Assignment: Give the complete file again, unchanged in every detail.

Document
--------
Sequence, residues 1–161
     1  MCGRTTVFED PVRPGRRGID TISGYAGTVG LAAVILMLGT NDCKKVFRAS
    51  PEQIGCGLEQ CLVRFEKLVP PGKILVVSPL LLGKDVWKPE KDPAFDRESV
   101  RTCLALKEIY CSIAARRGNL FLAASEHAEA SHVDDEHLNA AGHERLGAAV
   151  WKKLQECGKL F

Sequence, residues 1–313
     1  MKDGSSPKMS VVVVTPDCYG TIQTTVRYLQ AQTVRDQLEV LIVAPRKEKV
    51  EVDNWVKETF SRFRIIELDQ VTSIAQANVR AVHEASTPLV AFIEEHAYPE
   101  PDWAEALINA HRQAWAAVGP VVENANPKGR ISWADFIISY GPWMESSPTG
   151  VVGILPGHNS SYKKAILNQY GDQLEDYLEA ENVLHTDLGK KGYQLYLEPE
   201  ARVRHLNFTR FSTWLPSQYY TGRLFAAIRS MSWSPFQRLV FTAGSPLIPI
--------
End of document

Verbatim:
Sequence, residues 1–161
     1  MCGRTTVFED PVRPGRRGID TISGYAGTVG LAAVILMLGT NDCKKVFRAS
    51  PEQIGCGLEQ CLVRFEKLVP PGKILVVSPL LLGKDVWKPE KDPAFDRESV
   101  RTCLALKEIY CSIAARRGNL FLAASEHAEA SHVDDEHLNA AGHERLGAAV
   151  WKKLQECGKL F

Sequence, residues 1–313
     1  MKDGSSPKMS VVVVTPDCYG TIQTTVRYLQ AQTVRDQLEV LIVAPRKEKV
    51  EVDNWVKETF SRFRIIELDQ VTSIAQANVR AVHEASTPLV AFIEEHAYPE
   101  PDWAEALINA HRQAWAAVGP VVENANPKGR ISWADFIISY GPWMESSPTG
   151  VVGILPGHNS SYKKAILNQY GDQLEDYLEA ENVLHTDLGK KGYQLYLEPE
   201  ARVRHLNFTR FSTWLPSQYY TGRLFAAIRS MSWSPFQRLV FTAGSPLIPI